Inside Ibadan

Oyo workers vs Ajimobi: Who blinks first?

As the strike embarked upon by the Nigeria Labour Congress in Oyo State enters the seventh month, it seems the resolution of the face-off is not yet in sight as the other party in the feud, Oyo State Government has demanded an unreserved apology from the striking workers. The workers are on strike over a backlog of unpaid salaries, “false” allegations against their leaders in court and a government policy on alleged commercialisation of secondary education in the state.

Gov Ajimobi

As at the time that the workers embarked on strike, they were being owed five-months salary. Majority of the workers are now at the mercy of their neighbours, relatives, religious places before they can eat or pay school fees of their wards. Few weeks ago, the workers did not hide their displeasure with Governor Abiola Ajimobi over his rigid stance on the policy and other anti-workers policies.

Though series of meetings have been held a view to resolving the logjam, something concrete is yet to come. To date, there is nothing to show that the workers will bow to any threats from the government. While awaiting a peaceful resolution of the crisis, some other issues are coming up which suggest that both parties are not ready for a peaceful resolution to the impasse.

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Just a few days ago, the Governor through the Commissioner for Information, Mr. Toye Arulogun directed all schools to reopen except for 17 schools whose pupils destroyed government property during a violent protest. But, the NLC, through its leader, Mr. Waheed Olojede told the teachers to ignore the resumption order. The teachers obeyed the NLC. Though, some students resumed in their schools, they later went back home when there were no teachers to teach them.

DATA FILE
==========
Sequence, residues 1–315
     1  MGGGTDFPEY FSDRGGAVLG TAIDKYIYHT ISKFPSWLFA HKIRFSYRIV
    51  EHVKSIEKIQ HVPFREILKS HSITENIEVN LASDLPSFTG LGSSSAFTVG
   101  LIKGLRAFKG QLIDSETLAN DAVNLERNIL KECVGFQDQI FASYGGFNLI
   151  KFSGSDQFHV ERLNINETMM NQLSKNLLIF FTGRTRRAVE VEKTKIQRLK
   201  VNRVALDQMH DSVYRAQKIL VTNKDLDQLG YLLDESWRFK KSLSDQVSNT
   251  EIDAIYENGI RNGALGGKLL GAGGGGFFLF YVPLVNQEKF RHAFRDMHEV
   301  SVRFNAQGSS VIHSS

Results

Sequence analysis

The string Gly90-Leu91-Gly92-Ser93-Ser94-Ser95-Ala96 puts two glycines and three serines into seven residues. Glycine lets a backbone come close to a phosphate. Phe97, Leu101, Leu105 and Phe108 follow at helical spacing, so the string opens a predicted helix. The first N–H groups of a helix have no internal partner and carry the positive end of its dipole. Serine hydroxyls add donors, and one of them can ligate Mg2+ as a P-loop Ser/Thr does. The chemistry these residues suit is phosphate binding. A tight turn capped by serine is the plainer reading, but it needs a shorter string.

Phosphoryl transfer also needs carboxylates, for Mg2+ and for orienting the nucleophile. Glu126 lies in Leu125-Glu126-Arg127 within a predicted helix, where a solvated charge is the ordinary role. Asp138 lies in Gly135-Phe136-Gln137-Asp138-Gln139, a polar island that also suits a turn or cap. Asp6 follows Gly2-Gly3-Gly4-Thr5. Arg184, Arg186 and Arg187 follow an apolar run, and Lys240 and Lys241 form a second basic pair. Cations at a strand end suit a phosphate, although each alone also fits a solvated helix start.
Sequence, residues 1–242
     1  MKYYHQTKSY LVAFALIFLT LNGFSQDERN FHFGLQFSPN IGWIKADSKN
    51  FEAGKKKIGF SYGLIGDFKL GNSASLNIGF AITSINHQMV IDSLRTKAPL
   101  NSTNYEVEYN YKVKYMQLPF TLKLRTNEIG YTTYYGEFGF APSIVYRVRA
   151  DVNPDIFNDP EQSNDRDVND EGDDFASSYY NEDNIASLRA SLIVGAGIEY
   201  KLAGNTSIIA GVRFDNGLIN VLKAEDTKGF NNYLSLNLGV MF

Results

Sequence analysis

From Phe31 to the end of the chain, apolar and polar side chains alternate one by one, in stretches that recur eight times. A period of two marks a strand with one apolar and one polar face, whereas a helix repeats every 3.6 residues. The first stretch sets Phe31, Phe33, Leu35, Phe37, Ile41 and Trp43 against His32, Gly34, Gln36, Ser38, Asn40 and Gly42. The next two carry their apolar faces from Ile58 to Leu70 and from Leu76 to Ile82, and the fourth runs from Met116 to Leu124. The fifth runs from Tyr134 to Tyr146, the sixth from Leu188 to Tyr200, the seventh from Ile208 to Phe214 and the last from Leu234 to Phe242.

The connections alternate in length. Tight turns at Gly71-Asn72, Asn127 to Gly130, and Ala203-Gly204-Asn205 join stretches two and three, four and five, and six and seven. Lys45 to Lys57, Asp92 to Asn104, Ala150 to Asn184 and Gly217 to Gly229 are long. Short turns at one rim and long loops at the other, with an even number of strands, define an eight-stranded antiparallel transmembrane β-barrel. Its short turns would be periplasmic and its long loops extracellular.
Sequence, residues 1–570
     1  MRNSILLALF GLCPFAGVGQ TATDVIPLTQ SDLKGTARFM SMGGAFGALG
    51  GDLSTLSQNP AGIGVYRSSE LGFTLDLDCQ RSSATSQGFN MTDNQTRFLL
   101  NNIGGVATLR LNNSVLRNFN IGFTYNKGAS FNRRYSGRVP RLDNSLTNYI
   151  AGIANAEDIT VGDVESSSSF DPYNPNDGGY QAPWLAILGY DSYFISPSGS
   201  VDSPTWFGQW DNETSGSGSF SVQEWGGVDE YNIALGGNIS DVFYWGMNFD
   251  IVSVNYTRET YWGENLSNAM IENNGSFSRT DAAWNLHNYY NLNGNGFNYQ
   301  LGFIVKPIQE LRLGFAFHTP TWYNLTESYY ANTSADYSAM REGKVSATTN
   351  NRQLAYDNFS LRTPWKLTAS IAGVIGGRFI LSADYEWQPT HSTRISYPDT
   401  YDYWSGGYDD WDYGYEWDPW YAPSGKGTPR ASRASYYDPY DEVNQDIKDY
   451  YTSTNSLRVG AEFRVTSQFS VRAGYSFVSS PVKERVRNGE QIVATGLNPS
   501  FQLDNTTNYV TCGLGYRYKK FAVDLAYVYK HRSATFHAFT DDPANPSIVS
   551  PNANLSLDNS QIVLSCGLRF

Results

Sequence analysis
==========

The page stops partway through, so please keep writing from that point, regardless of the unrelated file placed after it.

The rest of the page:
As all channels towards resolution of the crisis are being explored, the state government, through the Deputy Governor, Chief Moses Alake Adeyemo said one of the conditions that would facilitate peace is formal apology from the angry and hungry workers.

Chief Adeyemo said this after setting up a thirty-one member Education Reform Initiative Committee to widen its scope of consultations on the proposed participatory management of public secondary schools in the state. Some of the workers who preferred anonymity told South West Voice that they reminded the state government that it is dealing with collective Nigerian workers who would not bend or be cowed by whatever threat.

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They vowed never to kiss the dust adding that doing so could make the governor do more against them. The Deputy governor said that the enlarged committee was meant to accommodate more suggestions and models in addition to those proposed by the state, as well as submissions in the memoranda received so far from the stakeholders.

He said: “The Education Initiative Stakeholders’ Forum held on June 7, 2016 resolved, amongst other things, to widen the scope of consultations to accommodate more suggestions and models in addition to the ones presented and discussed. “Sequel to this, proposals and memoranda have been received from members of the public on the urgent need for the participatory management of public secondary schools in Oyo State.

The composition of the committee includes members of the Nigeria Labour Congress (NLC)/Nigeria Union of Teachers (NUT); All Nigerian Congress of Principals of Public Schools (ANCOPPS); National Association of Nigerian Students (NANS), Market Advisory Council; Christian Association of Nigeria (CAN); the Muslim community and other education experts.

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According to him, membership of the committee also included community leaders, private sector education practitioners/consultants, traditional rulers, relevant state commissioners, permanent secretary in the ministry of education, as well as the Nigerian Union of Journalists.

The Deputy governor also disclosed that the government decided to set up a 14-member committee sequel to intervention by concerned parties, including the State House of Assembly, aimed at ending the logjam. He was optimistic that the impasse would be resolved in a matter of days, while noting that the decision of the government to reopen the schools was without prejudice to the workers’ and teachers’ strike.

As it stands now, quick resolution of the crisis would save hundreds of thousands of pupils who are idle at home and the economy of the state which is comatose.

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